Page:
Sunday Reads: Put the clock back…and shake a tail feather?

871feea0f3f2230ebd5195db612a464bGood Morning

Hey, did you remember to turn your clock back an hour?

This “fall back” time change is always much easier on me personally…springing ahead for daylight savings time in Spring is a living hell that first 48 hours.  I really wish we could remain like this always, but whatever…let’s just get the post started already.

Hey, since I’ve started with the clock thing, this cartoon that was used over at Daily Banter seemed like a perfect choice: Turn The Clocks Back |


Artist – Tom Stiglich

If you want to check out the latest info on the LAX shooting, that link to DB refers to this article from the Southern Poverty Law Center:

Hatewatch Exclusive: Alleged LAX Shooter Referenced ‘Patriot’ Conspiracy Theories | Hatewatch

The 23-year-old man who allegedly killed a TSA official at Los Angeles International Airport yesterday was carrying a one-page “manifesto” that included references to the “New World Order,” the Federal Reserve and “fiat currency,” according to a knowledgeable source with ranking law enforcement contacts.

Paul Anthony Ciancia, who allegedly wounded three other TSA workers before being shot and critically wounded himself, also expressed antagonism toward the Department of Homeland Security (DHS) and its chief until she resigned in August, Janet Napolitano, the source said. Ciancia’s note called former Secretary Napolitano a “bull dyke” and contained the phrase “FU Janet Napolitano,” the source said.

Ciancia’s language and references seemed to put him squarely in the conspiracy-minded world of the antigovernment “Patriot” movement. The New World Order refers to a longstanding conspiracy theory that today, in its most popular iteration, claims that global elites are plotting to form a socialistic “one-world government” that would crush American freedoms. Often, the root of the alleged conspiracy is traced to the 1913 creation of the Federal Reserve and the adoption of fiat currency — paper money that is not backed by gold, as it was once was in the U.S.

More details at the link.

Other recent updates on the LAX shooting:

LAX Suspect Set out to Kill Multiple TSA Officers – ABC News

At Los Angeles International Airport, Two Lives Collide in a Fatal Instant –

It sounds like Ciancia was part of the crazy that can be found in the following links:

Conspiracy Theory | | Liberal Politics Blog and Podcast | We Cover the World

Apparently the San Antonio Tea Party is convinced that designating the Alamo as a World Heritage site actually means the U.N. is going to take over.

Texas Land Commissioner Jerry Patterson had to calm fears this week after the former president of the local Tea Party warned that the U.N. may usurp their beloved landmark.

George Rodriguez, former president of the San Antonio Tea Party, stirred up rumors in a piece titled ‘The New Battle of the Alamo.’

Rodriguez said Wednesday that he never stated that the U.N. would take control, but that he merely provided a “cautionary tale.”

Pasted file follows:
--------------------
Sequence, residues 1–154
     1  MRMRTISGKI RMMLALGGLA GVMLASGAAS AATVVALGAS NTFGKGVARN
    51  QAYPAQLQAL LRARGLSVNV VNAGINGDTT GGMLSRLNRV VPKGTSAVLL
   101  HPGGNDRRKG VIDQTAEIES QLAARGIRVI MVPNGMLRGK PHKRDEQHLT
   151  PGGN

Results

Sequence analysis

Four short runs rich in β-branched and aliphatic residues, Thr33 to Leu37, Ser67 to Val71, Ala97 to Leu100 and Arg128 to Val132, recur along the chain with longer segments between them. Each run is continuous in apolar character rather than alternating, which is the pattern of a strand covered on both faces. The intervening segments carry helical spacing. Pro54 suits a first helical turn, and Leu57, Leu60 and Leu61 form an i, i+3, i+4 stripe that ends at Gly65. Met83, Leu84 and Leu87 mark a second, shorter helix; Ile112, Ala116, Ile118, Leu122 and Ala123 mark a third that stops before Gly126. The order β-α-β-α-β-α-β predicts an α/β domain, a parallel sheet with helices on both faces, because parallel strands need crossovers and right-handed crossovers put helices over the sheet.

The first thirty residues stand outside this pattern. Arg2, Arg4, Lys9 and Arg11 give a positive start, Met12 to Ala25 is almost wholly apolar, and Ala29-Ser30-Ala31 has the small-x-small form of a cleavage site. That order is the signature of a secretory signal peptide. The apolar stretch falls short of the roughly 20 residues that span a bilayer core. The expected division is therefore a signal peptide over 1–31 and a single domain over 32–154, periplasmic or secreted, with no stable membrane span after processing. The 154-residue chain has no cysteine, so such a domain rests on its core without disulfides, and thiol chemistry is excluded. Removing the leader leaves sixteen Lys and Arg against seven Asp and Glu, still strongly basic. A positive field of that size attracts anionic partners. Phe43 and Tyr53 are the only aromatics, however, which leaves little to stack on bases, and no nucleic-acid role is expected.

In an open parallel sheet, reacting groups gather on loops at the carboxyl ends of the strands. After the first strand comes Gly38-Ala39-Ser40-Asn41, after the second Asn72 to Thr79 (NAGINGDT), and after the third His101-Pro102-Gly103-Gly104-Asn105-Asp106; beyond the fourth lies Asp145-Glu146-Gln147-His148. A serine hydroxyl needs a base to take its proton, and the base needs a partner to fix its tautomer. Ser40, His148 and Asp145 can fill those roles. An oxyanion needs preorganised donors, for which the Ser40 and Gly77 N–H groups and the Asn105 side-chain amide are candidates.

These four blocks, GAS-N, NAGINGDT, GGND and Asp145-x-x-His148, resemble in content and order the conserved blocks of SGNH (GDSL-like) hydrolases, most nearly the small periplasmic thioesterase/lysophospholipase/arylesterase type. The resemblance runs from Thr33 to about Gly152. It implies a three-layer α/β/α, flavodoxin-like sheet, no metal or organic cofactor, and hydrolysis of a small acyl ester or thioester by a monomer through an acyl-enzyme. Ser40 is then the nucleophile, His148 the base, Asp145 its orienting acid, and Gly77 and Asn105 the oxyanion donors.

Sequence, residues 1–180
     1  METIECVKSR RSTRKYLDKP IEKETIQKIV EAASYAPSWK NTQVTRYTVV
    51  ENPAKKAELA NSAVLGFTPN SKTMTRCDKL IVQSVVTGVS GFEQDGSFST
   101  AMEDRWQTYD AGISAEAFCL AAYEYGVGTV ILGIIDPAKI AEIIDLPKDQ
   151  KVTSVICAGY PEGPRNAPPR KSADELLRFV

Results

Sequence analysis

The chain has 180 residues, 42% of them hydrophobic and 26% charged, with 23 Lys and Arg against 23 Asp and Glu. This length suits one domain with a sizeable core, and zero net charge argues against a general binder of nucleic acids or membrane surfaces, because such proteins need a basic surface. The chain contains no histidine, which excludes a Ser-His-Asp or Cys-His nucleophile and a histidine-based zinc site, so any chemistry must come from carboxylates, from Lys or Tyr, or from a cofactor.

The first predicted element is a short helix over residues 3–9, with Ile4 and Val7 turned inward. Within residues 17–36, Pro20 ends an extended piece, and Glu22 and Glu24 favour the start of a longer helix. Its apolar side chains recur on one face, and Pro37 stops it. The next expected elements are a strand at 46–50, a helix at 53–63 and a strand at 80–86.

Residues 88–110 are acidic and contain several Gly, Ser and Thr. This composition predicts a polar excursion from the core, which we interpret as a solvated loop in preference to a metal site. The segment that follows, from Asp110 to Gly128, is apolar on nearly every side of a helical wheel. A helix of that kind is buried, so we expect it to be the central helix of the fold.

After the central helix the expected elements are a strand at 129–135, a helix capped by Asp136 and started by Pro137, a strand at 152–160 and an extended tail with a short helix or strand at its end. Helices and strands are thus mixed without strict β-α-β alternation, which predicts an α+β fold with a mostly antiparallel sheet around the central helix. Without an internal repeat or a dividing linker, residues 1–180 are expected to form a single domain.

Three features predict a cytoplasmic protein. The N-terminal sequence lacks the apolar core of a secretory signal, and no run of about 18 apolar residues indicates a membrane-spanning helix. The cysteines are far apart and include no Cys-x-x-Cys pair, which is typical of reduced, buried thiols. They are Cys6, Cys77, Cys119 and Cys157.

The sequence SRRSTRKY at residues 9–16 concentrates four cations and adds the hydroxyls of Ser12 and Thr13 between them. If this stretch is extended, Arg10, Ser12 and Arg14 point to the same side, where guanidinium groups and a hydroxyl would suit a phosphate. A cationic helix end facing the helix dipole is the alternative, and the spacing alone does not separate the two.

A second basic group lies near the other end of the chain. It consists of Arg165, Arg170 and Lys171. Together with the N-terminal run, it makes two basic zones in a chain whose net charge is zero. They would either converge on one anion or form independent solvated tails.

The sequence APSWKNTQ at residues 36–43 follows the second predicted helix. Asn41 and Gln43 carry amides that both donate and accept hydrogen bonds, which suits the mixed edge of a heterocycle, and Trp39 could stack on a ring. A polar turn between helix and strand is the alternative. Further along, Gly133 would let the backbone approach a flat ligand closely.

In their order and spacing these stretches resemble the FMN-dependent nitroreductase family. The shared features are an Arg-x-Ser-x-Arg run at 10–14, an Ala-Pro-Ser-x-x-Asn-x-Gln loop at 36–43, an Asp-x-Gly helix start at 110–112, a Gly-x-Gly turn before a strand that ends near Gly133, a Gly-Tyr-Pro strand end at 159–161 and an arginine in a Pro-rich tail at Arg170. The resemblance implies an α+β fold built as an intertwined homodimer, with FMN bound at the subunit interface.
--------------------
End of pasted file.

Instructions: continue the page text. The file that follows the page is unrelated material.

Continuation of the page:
“I’m just constantly saying ‘may’ or ‘might,’” he explained. “I’m never once saying that this is going to happen. We need to be aware.”

The U.N. ‘may’ or ‘might’ take over the Alamo. And monkeys may or might fly out of Rodriguez’s ass. We need to be aware.

Let’s assume for a moment that the U.N. actually was poised to take over the Alamo.

What would they do with it? Would they plant a Mexican flag on top of it just to stick a finger in the eye of Real Americans as the U.N is wont to do?

Where did Rodriquez get these crazy ideas?

A similar version was posted Tuesday on, a website linked to radio talk show host and conspiracy theorist Alex Jones, who spoke at an Oct. 19 gun-rights rally at the Alamo.

That would be the same Alex Jones who influenced the LAX shooter (New World Order phrases and other connections coming to light.) There is also some info about Beck influencing Ciania as well…but to get back to the other crazies.

This next link is via Susie Madrak » Blog Archive » Hot Springs, Arkansas :

You have to read this entire post to fully appreciate it. I will post the last paragraph…but go read the whole post. Bilgrimage: How’s That Shutdown Thing Playing in the Heartland? I Have a Story for You

If you think that Republicans have learned their lesson from the recent shutdown and now understand that pulling ugly tricks like shutting down the federal government to score political points is immature, irrational, dysfunctional, and harmful even to those who wanted the shutdown, I suggest that you think again. And that you visit the springs at the national park in Hot Springs, and listen a while to the hair-raising earful you’ll hear from the very angry, out-of-control white christianists who form the backbone of the Republican party now in places like Hot Springs, Arkansas.

You might learn something. Though you might not like what you learn.

I have to agree with that statement…because I may not be living in Hot Springs, but here in Banjoville I hear the same thing…the Republicans have not learned a thing from the shutdown. And every word spoken from those assholes at that park could have come from the mouths of the folks that live around here in my redneck of the woods. It is a scary thing.

One more link on the GOP: Scrooge Republicans prefer Pentagon White Elephants to Food Stamps for Poor Children | Informed Comment

As of today, Republican cuts in food stamp support present a challenged nearly 23 million American households in keeping their children from hunger. Some 76% of SNAP or food stamp-receiving households include children, the elderly or a disabled person, and 83% of all SNAP assistance goes to such challenged households. The image of a single male lying on a couch drinking beer bought with food stamps is just cheap Scrooge propaganda.